New Worm Headed Our Way?
Security experts believe it's only a matter of days, if not hours, before someone releases a worm to attack the newly found flaws in Windows.Administrators and security specialists hoping for a breather now that Blaster has faded and SoBig.F has expired may be in for a long weekend. The nature of the new vulnerabilities revealed yesterday in the RPC DCOM implementation in Windows is so similar to the one that Blaster exploits that security experts believe its only a matter of days, if not hours, before someone releases a worm to attack the new weaknesses. Even though it infected close to a million machines, experts say the Blaster worm was poorly coded and as a result did not do nearly the damage that a more efficient worm could have done. Blaster easily could be modified to work much better, and because the source code for the worm is readily available online, its likely that someone is already at work on that task. "It all adds up to a situation where well probably see a worm in the next 24 hours or so," said Jerry Brady, chief technology officer at managed security provider Guardent Inc., based in Waltham, Mass. "This could be worse. It wouldnt take very muchjust some very minor changes to the way the RPC connections work or the duration of the connections."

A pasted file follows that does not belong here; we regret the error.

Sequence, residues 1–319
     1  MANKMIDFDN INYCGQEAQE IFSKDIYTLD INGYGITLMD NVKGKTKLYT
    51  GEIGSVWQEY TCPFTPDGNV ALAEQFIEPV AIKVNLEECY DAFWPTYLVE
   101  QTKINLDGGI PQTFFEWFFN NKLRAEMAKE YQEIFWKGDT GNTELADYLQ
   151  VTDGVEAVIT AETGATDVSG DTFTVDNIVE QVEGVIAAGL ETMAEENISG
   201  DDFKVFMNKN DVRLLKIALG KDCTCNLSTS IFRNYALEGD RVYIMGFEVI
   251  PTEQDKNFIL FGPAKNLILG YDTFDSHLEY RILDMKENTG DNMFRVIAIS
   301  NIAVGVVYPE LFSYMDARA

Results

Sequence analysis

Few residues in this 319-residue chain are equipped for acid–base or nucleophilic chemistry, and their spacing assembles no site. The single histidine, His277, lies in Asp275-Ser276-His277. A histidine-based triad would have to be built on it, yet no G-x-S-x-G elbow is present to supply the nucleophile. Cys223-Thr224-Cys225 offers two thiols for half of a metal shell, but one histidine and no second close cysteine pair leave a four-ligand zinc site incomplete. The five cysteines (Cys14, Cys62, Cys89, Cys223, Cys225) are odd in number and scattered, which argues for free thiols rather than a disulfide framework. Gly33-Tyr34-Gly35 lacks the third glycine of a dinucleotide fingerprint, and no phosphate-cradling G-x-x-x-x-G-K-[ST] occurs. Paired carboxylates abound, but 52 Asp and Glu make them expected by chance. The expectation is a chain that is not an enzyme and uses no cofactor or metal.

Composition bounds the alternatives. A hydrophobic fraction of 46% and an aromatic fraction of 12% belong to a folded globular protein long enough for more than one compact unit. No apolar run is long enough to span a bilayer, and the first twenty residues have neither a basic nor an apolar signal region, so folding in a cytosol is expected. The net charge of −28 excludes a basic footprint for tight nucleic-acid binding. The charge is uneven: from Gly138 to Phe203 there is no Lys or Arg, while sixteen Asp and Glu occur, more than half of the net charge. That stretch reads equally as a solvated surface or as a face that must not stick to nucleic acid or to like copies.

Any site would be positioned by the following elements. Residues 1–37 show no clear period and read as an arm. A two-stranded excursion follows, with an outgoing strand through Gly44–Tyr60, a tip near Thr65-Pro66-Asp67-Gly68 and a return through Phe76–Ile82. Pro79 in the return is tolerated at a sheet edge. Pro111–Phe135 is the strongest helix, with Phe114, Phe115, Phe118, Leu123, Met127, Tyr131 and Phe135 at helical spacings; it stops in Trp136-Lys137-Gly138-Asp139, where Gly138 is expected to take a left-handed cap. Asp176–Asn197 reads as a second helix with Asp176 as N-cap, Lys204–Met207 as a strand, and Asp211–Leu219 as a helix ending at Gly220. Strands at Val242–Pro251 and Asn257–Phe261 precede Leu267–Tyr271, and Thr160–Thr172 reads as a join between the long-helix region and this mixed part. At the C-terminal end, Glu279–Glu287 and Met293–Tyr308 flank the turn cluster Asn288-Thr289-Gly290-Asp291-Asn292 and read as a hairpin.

Like the vulnerability that Blaster exploits, two of the three new flaws reported in the RPC DCOM implementation in Windows are buffer overruns that could enable an attacker to run arbitrary code on a vulnerable machine. The flaws affect Windows NT 4.0, 2000, XP and Windows Server 2003.